Abdelmadjid Tebboune, 74, took 58.15 per cent of the vote, trouncing his four fellow contenders without the need for a second-round runoff.
A former Algerian prime minister who served under deposed leader Abdelaziz Bouteflika was elected president of the protest-wracked country after a vote marred by unrest and low turnout, results showed on Friday.
Abdelmadjid Tebboune, 74, took 58.15 per cent of the vote, trouncing his four fellow contenders without the need for a second-round runoff, electoral commission chairman Mohamed Charfi announced.
Like him, they all served under the two-decade rule of Bouteflika, 82, who resigned in the face of mass demonstrations in April.
The deeply unpopular election had been championed by the army as a way of restoring stability after almost 10 months of street protests.
But on polling day Thursday, protesters defied a heavy police presence to hold a mass rally in the heart of the capital Algiers and smaller demonstrations in provincial cities.
All five candidates – who included another former prime minister, Ali Benflis, 75, and an ex-minister, Azzedine Mihoubi – were widely rejected by protesters as “children of the regime”.
A record six in 10 Algerians abstained in the vote, Charfi said, the highest rate for a multi-party election since independence from France in 1962. Tens of thousands rallied in central Algiers, where police with water cannon and helicopters tried to disperse protesters.
On Friday, protesters prepared to take to the streets again in response to calls on social media under the slogan “Tebboune is not my president”.
Said, a 32 year-old engineer from Bouira, said he had made the 100km journey to the capital to take part in Thursday’s demonstration. “I spent the night here so I could demonstrate again today (Friday) and say we don’t recognise their election or their president.”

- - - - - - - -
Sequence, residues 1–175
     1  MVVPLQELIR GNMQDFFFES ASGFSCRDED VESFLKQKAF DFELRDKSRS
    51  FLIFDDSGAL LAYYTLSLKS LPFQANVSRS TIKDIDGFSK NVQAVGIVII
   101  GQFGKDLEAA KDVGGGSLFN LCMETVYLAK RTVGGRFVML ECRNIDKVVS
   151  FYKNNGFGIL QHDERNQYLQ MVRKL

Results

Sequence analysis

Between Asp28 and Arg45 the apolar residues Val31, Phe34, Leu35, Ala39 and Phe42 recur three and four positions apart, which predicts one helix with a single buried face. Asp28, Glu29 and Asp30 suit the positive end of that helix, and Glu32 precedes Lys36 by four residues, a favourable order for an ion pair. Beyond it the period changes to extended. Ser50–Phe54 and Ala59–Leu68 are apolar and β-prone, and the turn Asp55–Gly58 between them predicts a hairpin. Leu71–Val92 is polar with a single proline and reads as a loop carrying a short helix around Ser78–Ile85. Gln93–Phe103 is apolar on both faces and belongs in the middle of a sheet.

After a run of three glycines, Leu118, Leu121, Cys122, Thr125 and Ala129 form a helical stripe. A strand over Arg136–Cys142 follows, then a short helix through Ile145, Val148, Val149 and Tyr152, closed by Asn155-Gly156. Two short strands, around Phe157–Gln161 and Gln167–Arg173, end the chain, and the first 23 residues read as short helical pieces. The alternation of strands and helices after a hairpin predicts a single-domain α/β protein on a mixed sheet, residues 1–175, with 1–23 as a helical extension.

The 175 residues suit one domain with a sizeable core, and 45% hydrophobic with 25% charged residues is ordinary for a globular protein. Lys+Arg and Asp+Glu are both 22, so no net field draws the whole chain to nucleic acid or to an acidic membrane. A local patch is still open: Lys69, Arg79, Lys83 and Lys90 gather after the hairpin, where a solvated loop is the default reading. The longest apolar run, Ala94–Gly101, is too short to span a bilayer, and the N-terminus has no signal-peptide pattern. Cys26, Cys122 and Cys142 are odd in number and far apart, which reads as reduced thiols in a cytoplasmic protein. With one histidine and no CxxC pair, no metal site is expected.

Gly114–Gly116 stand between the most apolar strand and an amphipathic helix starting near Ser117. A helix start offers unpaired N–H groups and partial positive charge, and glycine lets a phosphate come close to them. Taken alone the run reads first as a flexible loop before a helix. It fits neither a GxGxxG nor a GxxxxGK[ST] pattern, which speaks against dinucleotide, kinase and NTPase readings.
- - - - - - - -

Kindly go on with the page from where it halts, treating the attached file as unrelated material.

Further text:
Pensioner Farida mocked the official figures from the electoral commission. “Someone added yeast to them to get them to rise,” she said.
On Thursday, reporters saw a group of protesters storming a polling station in the capital, suspending voting there for about half an hour before police pushed them out again.
In central Algiers, young protesters slammed those casting their ballots as “traitors of the nation”.
That earned a sharp rebuke from one man in his 80s: “I fought for the right to vote, so I’m voting for my country.” Other voters said they had turned out because after nearly a year of turmoil it was time for a return to stability.
Sid Ali, a 48-year-old merchant in Algiers, said: “I support the Hirak (protest) movement but it needs to end. I lost 70 per cent of my turnover and many traders are in my situation.”
Tebboune faces a difficult task to be accepted by the electorate in the country, where many citizens see the government as inept, corrupt and unable to manage the flagging economy.
He served in Bouteflika’s government from 1999 to 2002 as communications and then housing minister. He returned as housing minister from 2012 to 2017 when he was briefly appointed prime minister. But he was sacked by Bouteflika after just three months for criticising some of the president’s inner circle, many of whom are now in jail on corruption charges.
Since the start of the campaign, Tebboune has sought to distance himself from his years of service under Bouteflika. At his campaign headquarters, announcement of his victory was greeted with shouts of “The people and the army with Tebboune”.
The “Hirak” street movement kicked off when Bouteflika announced in February that he would seek a fifth term in office.
Protesters have stayed on the streets ever since, demanding the total dismantling of the system that has ruled Algeria since independence.
The military high command, which long wielded power from the shadows, has been forced to take a more visible role and has pushed for the election as a way to withdraw behind the scenes again. Demonstrators have vented their anger at army chief Ahmed Gaid Salah, who has emerged as Algeria’s de facto strongman since Bouteflika stepped down.
Source ; News Agencies